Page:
Apple says it doesn’t benefit from iOS changes that burned Facebook

The battle between Apple (AAPL) and Facebook’s parent Meta (FB) continues, with the iPhone maker releasing a new report on Tuesday refuting accusations that it was making big profits from last year’s iOS privacy changes that stymied Meta’s advertising business.

The report, which was funded by Apple and carried out by Columbia Business School professor Kinchuk Girat, aims to show that while Meta estimates that Apple’s app tracking transparency technology will cost its advertising business $10 billion in 2022, that money will not go to Apple.

According to the report, which Jerath wrote using publicly available data, claims that advertisers are flocking to Apple as a result of the new policy’s impact on Meta are simply inaccurate.

The report comes just a day before Meta announces its first-quarter earnings, which is the company’s first report since it announced that Apple’s new policy will cost it about $10 billion in advertising revenue in 2022. On the other hand, Apple, which is set to announce Q2 earnings on Thursday, saw record advertising revenue in the first quarter.

Transparency in App Tracking, introduced by Apple to iOS 14.5 users in 2021, asks users if they want apps to track their activity across the web. Turning off the feature prevents companies like Meta from learning more about their users via third-party websites and apps, which affects ad targeting.

Without accurate ad targeting, advertisers will turn away from services like Meta and spend their advertising budgets on other platforms or services.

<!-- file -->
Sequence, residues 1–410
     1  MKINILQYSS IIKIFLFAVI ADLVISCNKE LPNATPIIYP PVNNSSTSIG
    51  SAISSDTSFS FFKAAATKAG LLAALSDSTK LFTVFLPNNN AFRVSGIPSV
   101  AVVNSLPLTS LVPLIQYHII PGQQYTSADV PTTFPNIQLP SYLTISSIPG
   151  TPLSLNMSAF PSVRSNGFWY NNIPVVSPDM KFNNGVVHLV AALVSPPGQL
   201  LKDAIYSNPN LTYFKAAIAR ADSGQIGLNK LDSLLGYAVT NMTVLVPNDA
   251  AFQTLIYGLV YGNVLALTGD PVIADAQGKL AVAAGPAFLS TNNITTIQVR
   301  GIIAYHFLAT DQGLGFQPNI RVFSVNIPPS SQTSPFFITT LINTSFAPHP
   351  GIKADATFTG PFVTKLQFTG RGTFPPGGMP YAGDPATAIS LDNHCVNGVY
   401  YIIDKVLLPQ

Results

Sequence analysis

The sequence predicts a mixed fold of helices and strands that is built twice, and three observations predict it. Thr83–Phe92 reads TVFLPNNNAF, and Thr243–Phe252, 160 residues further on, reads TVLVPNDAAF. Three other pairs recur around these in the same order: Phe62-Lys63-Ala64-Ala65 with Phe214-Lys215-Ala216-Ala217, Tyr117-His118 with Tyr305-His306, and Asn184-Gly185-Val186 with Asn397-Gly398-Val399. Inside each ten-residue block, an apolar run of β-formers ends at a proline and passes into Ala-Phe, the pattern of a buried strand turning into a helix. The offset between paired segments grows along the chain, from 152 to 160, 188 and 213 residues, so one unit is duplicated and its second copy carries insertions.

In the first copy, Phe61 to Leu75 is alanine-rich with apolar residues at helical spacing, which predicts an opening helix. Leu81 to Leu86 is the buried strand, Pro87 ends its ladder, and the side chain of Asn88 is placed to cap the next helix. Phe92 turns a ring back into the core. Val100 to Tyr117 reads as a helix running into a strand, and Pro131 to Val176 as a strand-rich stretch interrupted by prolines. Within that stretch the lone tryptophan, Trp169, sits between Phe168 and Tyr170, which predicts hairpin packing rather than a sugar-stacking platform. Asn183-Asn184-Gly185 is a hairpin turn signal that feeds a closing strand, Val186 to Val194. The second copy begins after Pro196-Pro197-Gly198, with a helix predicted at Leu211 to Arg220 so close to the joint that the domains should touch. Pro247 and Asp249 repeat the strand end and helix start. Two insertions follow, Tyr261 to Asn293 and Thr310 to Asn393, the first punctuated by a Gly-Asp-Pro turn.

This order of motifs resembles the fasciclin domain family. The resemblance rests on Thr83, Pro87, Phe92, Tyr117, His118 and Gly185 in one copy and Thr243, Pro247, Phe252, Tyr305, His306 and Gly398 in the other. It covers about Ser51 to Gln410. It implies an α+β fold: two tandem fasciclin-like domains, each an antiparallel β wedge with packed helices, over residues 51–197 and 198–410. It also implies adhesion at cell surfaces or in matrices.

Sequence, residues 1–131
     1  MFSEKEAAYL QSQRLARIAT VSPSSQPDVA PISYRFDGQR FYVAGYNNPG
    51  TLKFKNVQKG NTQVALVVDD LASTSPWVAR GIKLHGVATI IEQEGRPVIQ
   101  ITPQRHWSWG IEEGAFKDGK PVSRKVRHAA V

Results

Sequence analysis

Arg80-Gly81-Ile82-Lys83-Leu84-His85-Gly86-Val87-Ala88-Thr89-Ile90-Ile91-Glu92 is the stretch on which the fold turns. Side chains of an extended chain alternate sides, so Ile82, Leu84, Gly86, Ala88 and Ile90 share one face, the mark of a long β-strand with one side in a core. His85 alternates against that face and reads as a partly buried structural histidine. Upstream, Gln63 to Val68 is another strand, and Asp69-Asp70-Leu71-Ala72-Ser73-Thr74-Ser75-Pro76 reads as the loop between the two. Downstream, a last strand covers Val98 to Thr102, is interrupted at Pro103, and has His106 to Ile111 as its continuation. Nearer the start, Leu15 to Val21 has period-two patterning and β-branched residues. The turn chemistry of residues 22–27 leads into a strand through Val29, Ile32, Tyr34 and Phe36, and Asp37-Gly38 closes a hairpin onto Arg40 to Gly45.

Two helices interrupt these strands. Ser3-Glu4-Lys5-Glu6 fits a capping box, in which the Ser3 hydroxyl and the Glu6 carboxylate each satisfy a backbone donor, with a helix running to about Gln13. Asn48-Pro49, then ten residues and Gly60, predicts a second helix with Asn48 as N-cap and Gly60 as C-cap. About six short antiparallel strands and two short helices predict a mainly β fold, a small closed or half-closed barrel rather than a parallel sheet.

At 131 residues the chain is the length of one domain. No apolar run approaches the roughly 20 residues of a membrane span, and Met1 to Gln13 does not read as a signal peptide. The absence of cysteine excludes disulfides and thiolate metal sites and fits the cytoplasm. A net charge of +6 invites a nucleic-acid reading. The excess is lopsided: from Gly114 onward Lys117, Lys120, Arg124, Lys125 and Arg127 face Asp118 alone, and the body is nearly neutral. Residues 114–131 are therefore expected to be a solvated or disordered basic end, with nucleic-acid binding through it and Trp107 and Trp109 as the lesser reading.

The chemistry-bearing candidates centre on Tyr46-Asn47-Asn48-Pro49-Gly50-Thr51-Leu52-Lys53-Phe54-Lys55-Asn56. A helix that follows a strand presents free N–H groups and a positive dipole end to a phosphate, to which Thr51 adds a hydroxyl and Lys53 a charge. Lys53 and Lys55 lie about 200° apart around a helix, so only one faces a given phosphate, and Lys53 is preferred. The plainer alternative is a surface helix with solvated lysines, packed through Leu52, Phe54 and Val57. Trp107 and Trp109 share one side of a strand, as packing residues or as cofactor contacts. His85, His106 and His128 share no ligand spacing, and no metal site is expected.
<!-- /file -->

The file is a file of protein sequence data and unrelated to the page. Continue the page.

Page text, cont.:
However, Apple appears to be pre-empting any accusations that its own advertising business has benefited from the new policy at the expense of Meta.

“I find allegations that Apple has solicited billions of dollars for advertising from other companies as a result of ATT for its lack of supporting evidence,” Jerath wrote in the paper.

During a February Meta earnings call, COO Sheryl Sandberg specifically blamed Apple for the company’s advertising issues.

“Apple created two challenges for advertisers,” Sandberg said. “The first is that the accuracy of targeting our ads has decreased, which increases the cost of achieving results. The other is that measuring those outcomes is becoming more and more difficult.”

According to the report, while Meta’s advertising activity has been criticized for privacy changes, competitors such as YouTube (GOOG and GOOGL) have been relatively unscathed.

Meta CEO Mark Zuckerberg. (AP Photo/Mark Lenehan)

Interestingly, while Snap (SNAP) said the policy had stoked a grudge against its advertising business during its past earnings, it didn’t mention it during the company’s most recent earnings.

As for whether Apple stole Meta ad revenue, Gareth says, that’s unlikely, given that Apple primarily serves ads for app installs, not things like physical products or vacations in remote locations.

What’s more, Gareth wrote, Apple’s ad space is relatively small, and if it can manage to bring in the billions that social media companies have lost as a result of its app-tracking policy, its own advertising would become so expensive that it would do nothing. It t be worth the money for advertisers.

So where did the ten billion dollars go? Gareth says that according to commentators, advertisers are spending more through companies like Walmart (WMT), Amazon (AMZN), Google and TikTok. In the meantime, he found that Apple’s advertising activity was growing even before it introduced the new tracking policy.

The relationship between Apple and Meta has increasingly soured over the years as the iPhone maker has continued to exercise control over which apps can appear in its App Store. The transparency of app tracking has been a particularly sore point for Meta, which posted a full-page ad claiming that Apple’s technology would harm small businesses that rely on Meta to reach potential customers.

We’ll turn to the Meta earnings call on Wednesday to see if executives have any rebuttal to Apple’s report.

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